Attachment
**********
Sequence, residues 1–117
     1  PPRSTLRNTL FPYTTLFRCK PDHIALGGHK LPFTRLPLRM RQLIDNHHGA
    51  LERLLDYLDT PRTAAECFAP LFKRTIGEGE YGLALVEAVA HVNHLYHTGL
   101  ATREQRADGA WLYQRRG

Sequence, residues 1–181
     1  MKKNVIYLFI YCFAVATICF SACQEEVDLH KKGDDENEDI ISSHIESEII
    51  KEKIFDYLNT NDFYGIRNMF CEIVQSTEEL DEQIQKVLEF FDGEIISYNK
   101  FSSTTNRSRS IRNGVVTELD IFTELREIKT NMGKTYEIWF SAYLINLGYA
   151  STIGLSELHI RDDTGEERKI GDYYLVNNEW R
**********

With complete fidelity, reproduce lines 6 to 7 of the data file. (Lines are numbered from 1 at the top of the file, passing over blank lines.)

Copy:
     1  MKKNVIYLFI YCFAVATICF SACQEEVDLH KKGDDENEDI ISSHIESEII
    51  KEKIFDYLNT NDFYGIRNMF CEIVQSTEEL DEQIQKVLEF FDGEIISYNK